As we saw in section 5.3 seawater contains many different dissolved substances. Occasionally chemical reactions occur that cause these substances to precipitate out as solid particles, which then accumulate as hydrogenous sediment. These reactions are usually triggered by a change in conditions, such as a change in temperature, pressure, or pH, which reduces the amount of a substance that can remain in a dissolved state. There is not a lot of hydrogenous sediment in the ocean compared to lithogenous or biogenous sediments, but there are some interesting forms.
Hydrothermal vents were discussed in section 4.11. Recall that in these systems, seawater percolates into the seafloor, where it becomes superheated by magma before being expelled by the vent. This superheated water contains many dissolved substances, and when it encounters the cold seawater after leaving the vent, these particles precipitate out, mostly as metal sulfides. These particles make up the “smoke” that flows from a vent, and may eventually settle on the bottom as hydrogenous sediment (Figure 12.4.1).
Manganese nodules are rounded lumps of manganese and other metals that form on the seafloor, generally ranging between 3-10 cm in diameter, although they may sometimes reach up to 30 cm (Figure 12.4.2). The nodules form in a manner similar to pearls; there is a central object around which concentric layers are slowly deposited, causing the nodule to grow over time. The composition of the nodules can vary somewhat depending on their location and the conditions of their formation, but they are usually dominated by manganese- and iron oxides. They may also contain smaller amounts of other metals such as copper, nickel and cobalt. The precipitation of manganese nodules is one of the slowest geological processes known; they grow on the order of a few millimeters per million years. For that reason, they only form in areas where there are low rates of lithogenous or biogenous sediment accumulation, because any other sediment deposition would quickly cover the nodules and prevent further nodule growth. Therefore, manganese nodules are usually limited to areas in the central ocean, far from significant lithogenous or biogenous inputs, where they can sometimes accumulate in large numbers on the seafloor (Figure 12.4.2 right). Because the nodules contain a number of commercially valuable metals, there has been significant interest in mining the nodules over the last several decades, although most of the efforts have thus far remained at the exploratory stage. A number of factors have prevented large-scale extraction of nodules, including the high costs of deep sea mining operations, political issues over mining rights, and environmental concerns surrounding the extraction of these non-renewable resources.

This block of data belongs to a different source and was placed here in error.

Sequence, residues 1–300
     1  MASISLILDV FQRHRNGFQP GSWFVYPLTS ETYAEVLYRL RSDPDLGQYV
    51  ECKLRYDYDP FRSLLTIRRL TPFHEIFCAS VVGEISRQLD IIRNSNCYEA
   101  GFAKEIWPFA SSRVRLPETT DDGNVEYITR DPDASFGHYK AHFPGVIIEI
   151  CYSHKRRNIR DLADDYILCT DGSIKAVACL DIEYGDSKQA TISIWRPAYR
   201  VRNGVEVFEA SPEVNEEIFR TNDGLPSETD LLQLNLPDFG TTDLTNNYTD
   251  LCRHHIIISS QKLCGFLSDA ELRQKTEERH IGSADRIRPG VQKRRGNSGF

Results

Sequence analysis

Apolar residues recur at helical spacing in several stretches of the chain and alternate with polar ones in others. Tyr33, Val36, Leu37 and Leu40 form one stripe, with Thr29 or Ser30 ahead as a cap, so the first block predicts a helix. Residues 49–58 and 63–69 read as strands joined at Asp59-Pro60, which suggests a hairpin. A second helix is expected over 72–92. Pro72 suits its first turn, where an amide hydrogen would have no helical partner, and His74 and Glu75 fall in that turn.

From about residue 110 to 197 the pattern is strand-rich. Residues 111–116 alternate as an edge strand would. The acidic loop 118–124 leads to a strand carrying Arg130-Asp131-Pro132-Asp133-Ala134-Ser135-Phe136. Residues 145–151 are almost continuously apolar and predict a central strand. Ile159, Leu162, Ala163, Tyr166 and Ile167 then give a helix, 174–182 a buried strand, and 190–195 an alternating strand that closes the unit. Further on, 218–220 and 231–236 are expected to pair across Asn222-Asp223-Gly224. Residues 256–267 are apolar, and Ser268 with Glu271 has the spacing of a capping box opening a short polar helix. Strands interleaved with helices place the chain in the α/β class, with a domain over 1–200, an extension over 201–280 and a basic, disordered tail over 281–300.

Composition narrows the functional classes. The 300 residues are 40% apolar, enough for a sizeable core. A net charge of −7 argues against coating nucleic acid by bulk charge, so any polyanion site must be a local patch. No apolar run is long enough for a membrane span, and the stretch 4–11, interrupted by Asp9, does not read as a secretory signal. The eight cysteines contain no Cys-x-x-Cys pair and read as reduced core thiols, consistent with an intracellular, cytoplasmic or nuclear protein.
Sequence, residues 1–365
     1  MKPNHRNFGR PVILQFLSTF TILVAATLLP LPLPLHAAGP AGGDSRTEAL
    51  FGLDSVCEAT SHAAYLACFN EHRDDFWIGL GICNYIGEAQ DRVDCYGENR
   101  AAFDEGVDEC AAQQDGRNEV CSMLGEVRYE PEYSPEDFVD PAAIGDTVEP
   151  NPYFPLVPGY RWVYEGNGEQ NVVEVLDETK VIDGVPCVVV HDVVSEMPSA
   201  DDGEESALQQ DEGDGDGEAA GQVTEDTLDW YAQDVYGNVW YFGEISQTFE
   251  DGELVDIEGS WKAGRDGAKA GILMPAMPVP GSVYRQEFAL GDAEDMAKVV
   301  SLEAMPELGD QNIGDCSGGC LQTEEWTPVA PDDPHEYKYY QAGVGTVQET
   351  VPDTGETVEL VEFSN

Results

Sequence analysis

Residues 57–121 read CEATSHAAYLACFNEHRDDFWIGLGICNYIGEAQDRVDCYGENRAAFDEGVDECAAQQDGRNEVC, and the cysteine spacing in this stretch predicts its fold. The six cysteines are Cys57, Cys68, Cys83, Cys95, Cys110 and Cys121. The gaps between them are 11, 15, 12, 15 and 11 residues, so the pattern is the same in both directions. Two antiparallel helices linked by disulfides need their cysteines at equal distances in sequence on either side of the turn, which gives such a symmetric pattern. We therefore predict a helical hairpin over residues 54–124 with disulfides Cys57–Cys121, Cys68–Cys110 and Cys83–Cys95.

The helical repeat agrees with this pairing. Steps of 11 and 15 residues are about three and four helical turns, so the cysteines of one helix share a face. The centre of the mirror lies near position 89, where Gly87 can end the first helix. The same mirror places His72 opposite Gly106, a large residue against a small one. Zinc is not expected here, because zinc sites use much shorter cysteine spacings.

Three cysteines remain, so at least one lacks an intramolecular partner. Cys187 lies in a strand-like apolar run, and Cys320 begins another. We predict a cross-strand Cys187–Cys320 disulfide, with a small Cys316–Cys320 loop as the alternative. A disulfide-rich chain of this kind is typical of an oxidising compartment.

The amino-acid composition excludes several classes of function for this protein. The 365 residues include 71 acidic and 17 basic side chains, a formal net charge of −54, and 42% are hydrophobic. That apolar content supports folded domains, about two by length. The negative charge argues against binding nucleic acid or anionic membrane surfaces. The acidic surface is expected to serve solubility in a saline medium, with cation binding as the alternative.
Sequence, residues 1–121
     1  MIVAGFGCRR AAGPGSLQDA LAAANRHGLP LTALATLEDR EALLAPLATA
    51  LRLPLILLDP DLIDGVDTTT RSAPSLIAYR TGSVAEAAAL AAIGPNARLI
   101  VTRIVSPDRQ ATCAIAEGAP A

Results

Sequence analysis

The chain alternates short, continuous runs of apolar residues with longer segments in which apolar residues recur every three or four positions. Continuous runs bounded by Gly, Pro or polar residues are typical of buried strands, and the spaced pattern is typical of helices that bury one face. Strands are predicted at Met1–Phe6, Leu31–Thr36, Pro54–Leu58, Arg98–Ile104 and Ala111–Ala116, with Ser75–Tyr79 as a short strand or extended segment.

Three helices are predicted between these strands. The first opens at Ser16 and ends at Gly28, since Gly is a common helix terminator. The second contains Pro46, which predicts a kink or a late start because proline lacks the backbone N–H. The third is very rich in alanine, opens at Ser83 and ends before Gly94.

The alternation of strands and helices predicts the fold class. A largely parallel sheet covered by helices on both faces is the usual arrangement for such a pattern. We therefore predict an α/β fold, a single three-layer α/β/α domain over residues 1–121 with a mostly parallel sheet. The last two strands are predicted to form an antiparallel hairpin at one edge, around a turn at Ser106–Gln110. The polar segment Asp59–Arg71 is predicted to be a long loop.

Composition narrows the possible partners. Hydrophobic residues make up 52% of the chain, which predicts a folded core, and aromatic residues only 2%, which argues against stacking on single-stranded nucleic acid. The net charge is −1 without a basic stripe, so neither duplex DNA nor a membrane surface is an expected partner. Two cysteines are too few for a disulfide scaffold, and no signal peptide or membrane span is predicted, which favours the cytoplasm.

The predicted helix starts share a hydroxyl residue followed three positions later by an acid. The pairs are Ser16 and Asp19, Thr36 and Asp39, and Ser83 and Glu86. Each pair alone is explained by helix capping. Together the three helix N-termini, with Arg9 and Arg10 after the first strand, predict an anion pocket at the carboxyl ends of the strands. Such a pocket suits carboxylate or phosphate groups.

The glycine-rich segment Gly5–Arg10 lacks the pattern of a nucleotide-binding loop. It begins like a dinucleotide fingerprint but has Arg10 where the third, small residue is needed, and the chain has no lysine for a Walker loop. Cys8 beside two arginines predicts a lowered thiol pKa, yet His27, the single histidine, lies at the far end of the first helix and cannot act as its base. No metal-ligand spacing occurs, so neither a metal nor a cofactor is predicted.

Evaporites are hydrogenous sediments that form when seawater evaporates, leaving the dissolved materials to precipitate into solids, particularly halite (salt, NaCl). In fact, the evaporation of seawater is the oldest form of salt production for human use, and is still carried out today. Large deposits of halite evaporites exist in a number of places, including under the Mediterranean Sea. Beginning around 6 million years ago, tectonic processes closed off the Mediterranean Sea from the Atlantic, and the warm climate evaporated so much water that the Mediterranean was almost completely dried out, leaving large deposits of salt in its place (an event known as the Messinian Salinity Crisis). Eventually the Mediterranean re-flooded about 5.3 million years ago, and the halite deposits were covered by other sediments, but they still remain beneath the seafloor.
Oolites are small, rounded grains formed from concentric layers of precipitation of material around a suspended particle. They are usually composed of calcium carbonate, but they may also from from phosphates and other materials. Accumulation of oolites results in oolitic sand, which is found in its greatest abundance in the Bahamas (Figure 12.4.4).
Methane hydrates are another type of hydrogenous deposit with a potential industrial application. All terrestrial erosion products include a small proportion of organic matter derived mostly from terrestrial plants. Tiny fragments of this material plus other organic matter from marine plants and animals accumulate in terrigenous sediments, especially within a few hundred kilometers of shore. As the sediments pile up, the deeper parts start to warm up (from geothermal heat), and bacteria get to work breaking down the contained organic matter. Because this is happening in the absence of oxygen (a.k.a. anaerobic conditions), the by-product of this metabolism is the gas methane (CH4). Methane released by the bacteria slowly bubbles upward through the sediment toward the seafloor. At water depths of 500 m to 1,000 m, and at the low temperatures typical of the seafloor (close to 4°C), water and methane combine to create a substance known as methane hydrate. Within a few meters to hundreds of meters of the seafloor, the temperature is low enough for methane hydrate to be stable and hydrates accumulate within the sediment (Figure 12.4.5 left). Methane hydrate is flammable because when it is heated, the methane is released as a gas (Figure 12.4.5 right). The methane within seafloor sediments represents an enormous reservoir of fossil fuel energy. Although energy corporations and governments are anxious to develop ways to produce and sell this methane, anyone that understands the climate-change implications of its extraction and use can see that this would be folly.